Script editor Year 1;
Matter Of Life And Death (with Art Wallace), Another Time, Another Place, Force Of Life, Voyager's Return, End Of Eternity, The Troubled Spirit, Mission Of The Darians, The Testament Of Arkadia, Children Of The Gods" (unfilmed), The Metamorph", The Immunity Syndrome, The Dorcons" , Message From Moonbase Alpha
Born 27 November 1935 in Dublin, John Christopher Byrne was the eldest of 13 children. He left Dublin when he was 21 for the English port of Liverpool, working in the docks and joining the community of working class artists who were emerging in the city, influenced by the American Beat writers. Byrne travelled extensively in his youth, doing a variety of jobs, including electrician's mate, Christmas tree feller and teaching English as a Foreign Language in London, Paris, Athens and Istanbul. By the 1960s he found his calling in the underground arts scene, writing poetry and short stories and editing. He was a touring manager for rock bands (for his agent, the American independent record producer Shel Talmy, who managed the Who and the Kinks). Byrne also performed as part of a surreal performing act The Poisoned Bellows with Spike Hawkins, performing in clubs and at the Edinburgh Festival.
In the 1960s, now based in London, Byrne worked as a literary editor and wrote poetry and short stories, including science fiction which was published in the UK magazines Science Fantasy and it's successor Impulse (his stories appeared alongside those of J. G. Ballard, Thom Keyes and EC Tubb). One story was included in Judith Merrill's The Best Of Science Fiction 1965-6. His science fiction embraced the "new wave" of British 1960s science fiction, along with the prevailing 1960s counterculture- experimental and artistic aspirations, political subtexts, psychedelic drugs and sexual themes, rather than the traditional technological concepts of science fiction. He wrote a best selling novel, Groupie, with Jenny Fabian in 1969; the title popularised the term in the UK and US, and featured the sex, drugs and rock 'n roll lifestyle around groups such as Pink Floyd (named pseudonymously in the novel). In 2003 he began a sequel to Groupie with Fabian, titled Out Of Time.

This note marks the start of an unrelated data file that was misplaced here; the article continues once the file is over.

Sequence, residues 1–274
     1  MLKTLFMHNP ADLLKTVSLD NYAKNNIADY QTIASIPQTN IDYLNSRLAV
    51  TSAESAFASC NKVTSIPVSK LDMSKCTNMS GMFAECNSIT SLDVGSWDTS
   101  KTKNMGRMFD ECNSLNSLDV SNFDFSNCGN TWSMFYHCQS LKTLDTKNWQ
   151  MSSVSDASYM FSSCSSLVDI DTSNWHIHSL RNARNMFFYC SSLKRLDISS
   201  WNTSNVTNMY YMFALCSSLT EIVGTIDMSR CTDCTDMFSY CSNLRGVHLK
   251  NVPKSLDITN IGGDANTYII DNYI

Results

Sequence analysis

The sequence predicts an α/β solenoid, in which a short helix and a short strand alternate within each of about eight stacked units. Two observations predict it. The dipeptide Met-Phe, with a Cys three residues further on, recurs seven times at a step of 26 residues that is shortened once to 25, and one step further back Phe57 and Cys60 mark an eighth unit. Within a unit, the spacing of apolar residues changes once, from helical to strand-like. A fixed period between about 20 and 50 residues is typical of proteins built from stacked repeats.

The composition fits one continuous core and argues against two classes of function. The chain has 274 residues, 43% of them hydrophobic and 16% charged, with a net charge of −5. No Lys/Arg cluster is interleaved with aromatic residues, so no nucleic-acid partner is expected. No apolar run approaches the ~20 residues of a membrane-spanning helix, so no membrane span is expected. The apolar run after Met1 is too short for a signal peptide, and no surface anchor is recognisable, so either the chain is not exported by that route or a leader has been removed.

Byrne began script writing in the late 1960s, with uncredited rewrites for low budget movies. In 1970 he wrote Season Of The Witch for the BBC. He scripted the films Adolf Hitler, My Part In His Downfall (1972), and Rosie Is My Relative (1976). After Space 1999 Year One, he wrote Anderson's Into Infinity. In 1980 he was considered to take over as script editor for Dr Who (from Douglas Adams); in the event, he wrote three episodes (all to a lesser or greater extent rewritten in-house): The Keeper Of Traken, 1981, Arc Of Infinity, 1983, Warriors Of The Deep, 1984, the last based on a story for Space 1999. He also contributed a script for a prequel to Traken entitled Guardians of Prophecy, which was never filmed. Byrne later wrote the script for a Dr Who movie in 1990. He wrote three episodes of Tales Of The Unexpected (1980, 1982).